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More American elementary and secondary schools are embracing the idea that a student will perform better in the classroom when a key distraction is removed: the opposite sex.
Rather, natural contrasts between boys and girls combined with social factors can lead to big differences in how they act in the classroom, said E. Mark Mahone, director of neuropsychology at Baltimore's Kennedy Krieger Institute, which specializes in child brain development and disorders.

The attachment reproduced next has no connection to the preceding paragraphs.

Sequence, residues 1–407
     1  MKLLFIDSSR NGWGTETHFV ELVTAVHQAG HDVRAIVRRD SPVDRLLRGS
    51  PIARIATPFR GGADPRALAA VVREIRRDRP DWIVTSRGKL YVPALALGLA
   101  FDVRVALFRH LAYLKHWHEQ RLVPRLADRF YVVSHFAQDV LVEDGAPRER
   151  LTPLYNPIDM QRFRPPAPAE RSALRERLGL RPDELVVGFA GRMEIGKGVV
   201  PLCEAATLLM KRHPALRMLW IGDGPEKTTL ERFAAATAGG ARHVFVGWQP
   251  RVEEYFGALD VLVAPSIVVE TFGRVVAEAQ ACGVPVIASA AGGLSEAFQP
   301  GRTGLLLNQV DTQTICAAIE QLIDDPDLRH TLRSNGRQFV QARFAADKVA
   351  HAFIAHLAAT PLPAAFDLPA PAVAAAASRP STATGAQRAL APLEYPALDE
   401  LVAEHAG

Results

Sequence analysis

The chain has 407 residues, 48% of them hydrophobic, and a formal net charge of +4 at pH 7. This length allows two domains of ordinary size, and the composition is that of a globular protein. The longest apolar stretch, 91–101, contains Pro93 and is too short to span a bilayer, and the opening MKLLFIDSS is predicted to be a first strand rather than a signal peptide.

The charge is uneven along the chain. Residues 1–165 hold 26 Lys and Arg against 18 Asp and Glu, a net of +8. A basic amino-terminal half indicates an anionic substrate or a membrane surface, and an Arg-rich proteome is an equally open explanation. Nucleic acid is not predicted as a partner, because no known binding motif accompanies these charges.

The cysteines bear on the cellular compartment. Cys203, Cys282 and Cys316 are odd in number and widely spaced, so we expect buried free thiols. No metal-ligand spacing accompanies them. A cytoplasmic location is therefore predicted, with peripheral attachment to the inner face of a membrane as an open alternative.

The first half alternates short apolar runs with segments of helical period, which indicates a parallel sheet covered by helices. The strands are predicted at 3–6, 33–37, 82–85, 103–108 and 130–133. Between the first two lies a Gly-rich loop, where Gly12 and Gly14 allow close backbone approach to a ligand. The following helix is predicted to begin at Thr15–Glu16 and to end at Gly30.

Boys often retain "interfering behaviors" longer than girls, which sometimes can lead them to disrupt class, he said.